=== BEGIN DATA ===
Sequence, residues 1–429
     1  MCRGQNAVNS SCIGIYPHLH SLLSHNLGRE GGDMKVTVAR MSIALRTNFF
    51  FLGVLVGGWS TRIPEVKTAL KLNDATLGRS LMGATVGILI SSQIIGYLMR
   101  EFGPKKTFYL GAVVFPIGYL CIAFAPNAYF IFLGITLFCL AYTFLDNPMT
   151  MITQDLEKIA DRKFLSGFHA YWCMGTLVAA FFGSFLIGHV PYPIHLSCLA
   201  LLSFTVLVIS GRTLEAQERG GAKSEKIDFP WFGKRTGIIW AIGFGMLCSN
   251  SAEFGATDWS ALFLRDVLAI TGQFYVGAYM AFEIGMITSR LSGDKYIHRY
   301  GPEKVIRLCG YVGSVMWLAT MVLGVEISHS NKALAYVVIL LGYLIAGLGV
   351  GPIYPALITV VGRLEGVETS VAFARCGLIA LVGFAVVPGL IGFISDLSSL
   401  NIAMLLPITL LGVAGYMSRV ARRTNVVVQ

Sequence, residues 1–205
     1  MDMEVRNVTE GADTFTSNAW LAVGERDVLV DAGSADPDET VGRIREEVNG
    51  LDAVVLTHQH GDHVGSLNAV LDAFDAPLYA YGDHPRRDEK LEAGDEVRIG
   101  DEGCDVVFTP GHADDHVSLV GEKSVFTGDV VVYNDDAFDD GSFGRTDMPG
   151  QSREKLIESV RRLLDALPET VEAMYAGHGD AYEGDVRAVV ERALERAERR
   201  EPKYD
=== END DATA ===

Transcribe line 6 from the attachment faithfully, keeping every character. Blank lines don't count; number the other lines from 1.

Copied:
   201  LLSFTVLVIS GRTLEAQERG GAKSEKIDFP WFGKRTGIIW AIGFGMLCSN